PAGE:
Project 2033 (P33) CEO Brad Henderson stood in front of a Monday morning gathering of Chicago tech stakeholders and described his family’s trajectory from poverty into the middle class.
For about 200 years, he said, Henderson’s family held working-class jobs in West Virginia. His grandfather, however, secured a 40-year career at a Cleveland steel company that enabled him to send his children to college. He landed this job by presenting himself at the steel company, totally untrained.
Today, careers look different.
The rise of automation and robotics is transforming the global workforce, upending traditional working class jobs and leaving corporations with unfilled technical roles. Without a plan for accessible skill training, the pathway to the middle class could become even steeper for countless people.
That’s why local and national leaders (including Henderson; Alastair Fitzpayne of the Aspen Institute Future of Work Initiative; DK Sinha of Cognizant; Andreas Cangellaris of University of Illinois; Helen Adeosun of CareAcademy; and Juan Salgado of City Colleges of Chicago) led a community discussion this morning at Malcolm X College on the future of work in Chicago.
The event was part of the larger P33 initiative, spearheaded by former U.S. Secretary of Commerce Penny Pritzker; Cleversafe and Ocient founder Chris Gladwin; and Civic Committee and Commercial Club of Chicago president Kelly Welsh. P33 is a cross-functional, private-sector-led task force dedicated to bolstering Chicago’s economic equity and outcomes by transforming the city into a leading global tech hub.
Naturally, this goal is easier said than done, and today’s speakers explored what needs to happen in terms of education and training to prepare Chicago’s workforce for what’s ahead.
An overarching theme was the limitations of traditional degree programs to accommodate the changes that will come with the so-called Fourth Industrial Revolution, or, as Cangellaris preferred to call it, the “human-centered revolution.” He pointed to a projection that two-thirds of today’s primary school students will hold “new economy” jobs, maybe of which don’t yet exist.
To help these students — and existing workers — create and capture these jobs, he suggested institutions lean into offerings such as modular classes, stackable certificates and course credit for job experience.
Salgado echoed this sentiment but called for more robust private and public funding for community colleges to allow a wider variety of learners to access those options.
“Monetary access is only the beginning of access,” he said. “It’s a level of support that must be achieved to ensure the adult learner is set up for success.”
Adeosun shared an example of private-sector support for adult learners. Through her startup CareAcademy, she's is bringing industry-specific certificate programs directly to the workers who want them. CareAcademy provides online training for home care agencies and their employees, saving agencies money and helping more people secure stable careers with upward mobility.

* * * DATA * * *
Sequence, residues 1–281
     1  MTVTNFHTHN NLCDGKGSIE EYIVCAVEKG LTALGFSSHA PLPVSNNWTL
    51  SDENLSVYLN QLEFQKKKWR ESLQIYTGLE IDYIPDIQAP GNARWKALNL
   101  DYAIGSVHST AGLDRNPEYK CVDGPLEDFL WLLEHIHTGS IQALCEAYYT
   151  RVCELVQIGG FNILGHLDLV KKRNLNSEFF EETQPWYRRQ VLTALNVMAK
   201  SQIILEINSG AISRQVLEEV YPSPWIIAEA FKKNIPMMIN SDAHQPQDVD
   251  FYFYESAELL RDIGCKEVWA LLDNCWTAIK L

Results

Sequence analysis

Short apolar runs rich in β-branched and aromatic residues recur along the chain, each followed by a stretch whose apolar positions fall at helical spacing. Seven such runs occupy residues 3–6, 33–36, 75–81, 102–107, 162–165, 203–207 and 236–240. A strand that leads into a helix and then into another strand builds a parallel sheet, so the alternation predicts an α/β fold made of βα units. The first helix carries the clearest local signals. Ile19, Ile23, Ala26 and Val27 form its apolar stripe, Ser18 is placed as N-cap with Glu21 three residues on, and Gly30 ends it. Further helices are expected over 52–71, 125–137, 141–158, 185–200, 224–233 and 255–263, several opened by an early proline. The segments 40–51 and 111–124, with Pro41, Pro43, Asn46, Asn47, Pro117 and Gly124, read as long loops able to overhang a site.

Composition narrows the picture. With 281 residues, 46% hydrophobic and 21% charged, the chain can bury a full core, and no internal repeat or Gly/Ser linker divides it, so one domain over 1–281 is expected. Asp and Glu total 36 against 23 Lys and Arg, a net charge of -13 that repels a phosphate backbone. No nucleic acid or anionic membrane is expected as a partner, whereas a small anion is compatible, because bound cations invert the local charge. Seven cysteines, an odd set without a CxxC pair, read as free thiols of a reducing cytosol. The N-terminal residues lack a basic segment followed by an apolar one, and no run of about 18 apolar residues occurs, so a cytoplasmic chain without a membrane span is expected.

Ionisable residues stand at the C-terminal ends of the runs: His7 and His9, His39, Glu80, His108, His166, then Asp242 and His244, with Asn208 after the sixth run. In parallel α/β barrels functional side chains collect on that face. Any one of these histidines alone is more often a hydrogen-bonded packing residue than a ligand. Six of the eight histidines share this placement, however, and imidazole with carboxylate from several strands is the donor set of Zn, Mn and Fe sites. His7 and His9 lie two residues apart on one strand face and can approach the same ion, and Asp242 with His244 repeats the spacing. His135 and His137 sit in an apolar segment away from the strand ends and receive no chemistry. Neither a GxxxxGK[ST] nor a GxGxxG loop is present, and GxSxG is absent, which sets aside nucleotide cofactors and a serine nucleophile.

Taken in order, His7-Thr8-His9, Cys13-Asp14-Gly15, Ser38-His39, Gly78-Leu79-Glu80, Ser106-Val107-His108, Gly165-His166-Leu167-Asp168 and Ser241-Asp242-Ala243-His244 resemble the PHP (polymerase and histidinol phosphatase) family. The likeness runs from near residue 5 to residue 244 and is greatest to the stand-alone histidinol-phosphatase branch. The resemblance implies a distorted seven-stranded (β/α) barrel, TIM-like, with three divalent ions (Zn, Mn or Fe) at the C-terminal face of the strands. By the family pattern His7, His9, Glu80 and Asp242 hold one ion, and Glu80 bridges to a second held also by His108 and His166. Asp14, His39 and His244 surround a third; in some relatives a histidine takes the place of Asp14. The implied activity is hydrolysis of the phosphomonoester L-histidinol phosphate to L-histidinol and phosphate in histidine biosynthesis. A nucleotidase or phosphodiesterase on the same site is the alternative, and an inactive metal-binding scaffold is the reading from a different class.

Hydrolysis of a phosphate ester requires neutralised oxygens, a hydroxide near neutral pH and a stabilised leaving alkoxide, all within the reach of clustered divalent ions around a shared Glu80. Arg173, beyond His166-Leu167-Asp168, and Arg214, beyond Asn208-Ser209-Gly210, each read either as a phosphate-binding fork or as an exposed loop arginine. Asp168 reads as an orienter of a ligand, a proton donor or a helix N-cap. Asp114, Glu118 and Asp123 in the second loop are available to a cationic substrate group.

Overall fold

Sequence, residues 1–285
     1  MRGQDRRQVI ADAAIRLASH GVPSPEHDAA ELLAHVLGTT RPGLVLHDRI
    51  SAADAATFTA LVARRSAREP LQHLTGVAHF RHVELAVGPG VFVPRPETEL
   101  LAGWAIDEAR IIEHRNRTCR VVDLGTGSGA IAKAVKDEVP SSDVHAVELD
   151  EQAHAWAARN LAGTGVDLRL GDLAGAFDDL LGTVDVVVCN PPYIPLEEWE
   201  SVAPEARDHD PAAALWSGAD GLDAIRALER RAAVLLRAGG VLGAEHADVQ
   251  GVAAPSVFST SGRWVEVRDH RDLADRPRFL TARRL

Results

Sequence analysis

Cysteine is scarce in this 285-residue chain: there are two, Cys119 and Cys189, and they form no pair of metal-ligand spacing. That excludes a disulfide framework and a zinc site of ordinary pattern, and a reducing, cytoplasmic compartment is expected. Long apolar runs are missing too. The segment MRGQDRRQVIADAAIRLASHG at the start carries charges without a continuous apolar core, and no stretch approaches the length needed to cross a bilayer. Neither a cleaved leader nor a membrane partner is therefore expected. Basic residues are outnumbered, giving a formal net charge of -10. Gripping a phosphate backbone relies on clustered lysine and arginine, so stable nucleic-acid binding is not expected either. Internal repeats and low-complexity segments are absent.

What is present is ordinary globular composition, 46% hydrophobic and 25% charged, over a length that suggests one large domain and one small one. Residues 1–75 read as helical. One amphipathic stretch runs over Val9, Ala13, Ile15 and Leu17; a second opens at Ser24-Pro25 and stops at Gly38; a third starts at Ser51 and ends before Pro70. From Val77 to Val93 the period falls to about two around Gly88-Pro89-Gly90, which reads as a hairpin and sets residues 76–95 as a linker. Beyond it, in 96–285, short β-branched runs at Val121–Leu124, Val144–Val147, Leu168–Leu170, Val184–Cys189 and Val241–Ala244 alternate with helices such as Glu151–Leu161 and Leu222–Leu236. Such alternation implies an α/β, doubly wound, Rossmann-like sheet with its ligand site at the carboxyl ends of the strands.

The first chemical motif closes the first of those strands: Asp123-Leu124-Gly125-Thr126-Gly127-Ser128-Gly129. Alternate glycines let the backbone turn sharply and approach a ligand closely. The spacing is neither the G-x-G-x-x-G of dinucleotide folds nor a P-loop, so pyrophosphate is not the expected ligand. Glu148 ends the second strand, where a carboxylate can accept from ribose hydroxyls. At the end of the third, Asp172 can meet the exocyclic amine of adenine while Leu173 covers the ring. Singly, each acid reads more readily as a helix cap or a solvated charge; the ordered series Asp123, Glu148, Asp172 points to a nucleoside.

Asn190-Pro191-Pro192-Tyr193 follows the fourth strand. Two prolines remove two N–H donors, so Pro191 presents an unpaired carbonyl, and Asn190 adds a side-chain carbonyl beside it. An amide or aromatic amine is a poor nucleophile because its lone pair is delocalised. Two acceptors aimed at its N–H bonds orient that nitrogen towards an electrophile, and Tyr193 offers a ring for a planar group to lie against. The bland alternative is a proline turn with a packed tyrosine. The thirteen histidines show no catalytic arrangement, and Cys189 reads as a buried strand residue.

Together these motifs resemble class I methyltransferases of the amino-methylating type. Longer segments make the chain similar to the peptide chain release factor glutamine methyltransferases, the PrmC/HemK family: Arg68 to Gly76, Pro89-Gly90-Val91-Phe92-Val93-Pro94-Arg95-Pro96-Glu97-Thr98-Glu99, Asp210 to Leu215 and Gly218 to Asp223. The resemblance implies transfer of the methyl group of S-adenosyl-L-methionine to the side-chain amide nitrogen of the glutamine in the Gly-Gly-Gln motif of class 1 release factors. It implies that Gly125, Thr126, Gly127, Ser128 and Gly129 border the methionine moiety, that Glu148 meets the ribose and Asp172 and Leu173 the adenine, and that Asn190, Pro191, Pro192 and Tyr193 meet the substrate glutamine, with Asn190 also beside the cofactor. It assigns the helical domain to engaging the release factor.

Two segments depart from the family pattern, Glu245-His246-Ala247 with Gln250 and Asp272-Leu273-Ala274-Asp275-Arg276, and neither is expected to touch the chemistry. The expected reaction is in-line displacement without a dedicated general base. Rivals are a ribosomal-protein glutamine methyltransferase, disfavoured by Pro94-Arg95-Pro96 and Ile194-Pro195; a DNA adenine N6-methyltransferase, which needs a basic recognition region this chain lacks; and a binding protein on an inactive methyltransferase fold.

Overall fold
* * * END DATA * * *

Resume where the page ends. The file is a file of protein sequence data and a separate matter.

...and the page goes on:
When she and her co-founder Madhuri Reddy first started, people told them online classes were a risky option because their target demographics lacked the technology skills. As it happened, those people were wrong — she cited a 2014 Pew Research Center study showing that black and Hispanic people are far more likely to use their smartphones for job and education-related tasks. Now, the online courses have helped 55,000 caregivers enhance their careers.
“The works always exists in removing our biases and entering a new paradigm that puts the learner first,” she said.
The three panelists agreed it’s essential to convince local corporations that up-skilling existing and incoming employees is a matter of survival in the new economy — and not just because it boosts the bottom line.
“When it comes to that bottom-line thinking, we have to help businesses think beyond today and build up employees as learners, so that it’s not just transactional,” Adeosun added.
Overall, each speaker used his or her expertise to build an overarching argument for continuous learning, or the idea that tomorrow’s workforce will need structured ways to train and up-skill ongoingly, making adult learners the norm rather than the exception.
Fitzpayne and the Aspen Institute are partnering with stakeholders in four American cities — Chicago, Phoenix, Hartford and Charlotte — to learn more about continuous learning options and develop action plans. The Institute will work with P33, with the help of a $1.25 million grant from the Cognizant U.S. Foundation, to move toward a roadmap for equitable continuous learning in Chicago.
“There are a lot of really interesting models and institutions that are leading the charge in Chicago. I think the question is how do you begin, as a city, to tie all these efforts together and give people a better sense of what these different pathways potentially look like,” Fitzpayne told Built In. “We’re trying to figure out a way to demystify and simplify the ability to move in and out of the education and training system once you're in the workforce.”
Monday morning’s event was all about ideas, and the most challenging aspects of P33’s work lie ahead: Pivoting from data-gathering and planning to implementation. Chicago’s social and economic challenges aren’t small, but P33’s leaders are committed to moving beyond the good ideas, P33 SVP of workforce innovation Matthew Muench told Built In.
“If you want to be positive about it, which I do, you can view [the shifting economy] as an opportunity. This is actually a watershed moment to right some longtime inequities in the workforce,” he said. “We need to be very quick and very action-oriented.”